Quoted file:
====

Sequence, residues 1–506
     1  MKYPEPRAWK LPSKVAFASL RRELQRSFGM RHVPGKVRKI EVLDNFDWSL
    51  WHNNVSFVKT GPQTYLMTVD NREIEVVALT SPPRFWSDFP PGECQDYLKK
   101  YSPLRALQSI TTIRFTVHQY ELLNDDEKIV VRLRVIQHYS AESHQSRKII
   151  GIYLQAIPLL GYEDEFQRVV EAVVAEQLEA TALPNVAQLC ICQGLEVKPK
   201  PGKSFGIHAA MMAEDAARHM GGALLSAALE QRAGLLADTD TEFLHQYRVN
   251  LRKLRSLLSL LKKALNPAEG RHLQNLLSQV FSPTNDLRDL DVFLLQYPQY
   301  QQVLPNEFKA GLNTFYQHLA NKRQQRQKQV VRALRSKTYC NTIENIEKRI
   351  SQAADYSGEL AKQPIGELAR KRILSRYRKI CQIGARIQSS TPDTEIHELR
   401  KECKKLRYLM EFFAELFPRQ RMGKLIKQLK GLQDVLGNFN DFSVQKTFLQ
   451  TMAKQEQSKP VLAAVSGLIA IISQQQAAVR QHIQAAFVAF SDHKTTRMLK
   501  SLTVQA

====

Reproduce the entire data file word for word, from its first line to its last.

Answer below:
Sequence, residues 1–506
     1  MKYPEPRAWK LPSKVAFASL RRELQRSFGM RHVPGKVRKI EVLDNFDWSL
    51  WHNNVSFVKT GPQTYLMTVD NREIEVVALT SPPRFWSDFP PGECQDYLKK
   101  YSPLRALQSI TTIRFTVHQY ELLNDDEKIV VRLRVIQHYS AESHQSRKII
   151  GIYLQAIPLL GYEDEFQRVV EAVVAEQLEA TALPNVAQLC ICQGLEVKPK
   201  PGKSFGIHAA MMAEDAARHM GGALLSAALE QRAGLLADTD TEFLHQYRVN
   251  LRKLRSLLSL LKKALNPAEG RHLQNLLSQV FSPTNDLRDL DVFLLQYPQY
   301  QQVLPNEFKA GLNTFYQHLA NKRQQRQKQV VRALRSKTYC NTIENIEKRI
   351  SQAADYSGEL AKQPIGELAR KRILSRYRKI CQIGARIQSS TPDTEIHELR
   401  KECKKLRYLM EFFAELFPRQ RMGKLIKQLK GLQDVLGNFN DFSVQKTFLQ
   451  TMAKQEQSKP VLAAVSGLIA IISQQQAAVR QHIQAAFVAF SDHKTTRMLK
   501  SLTVQA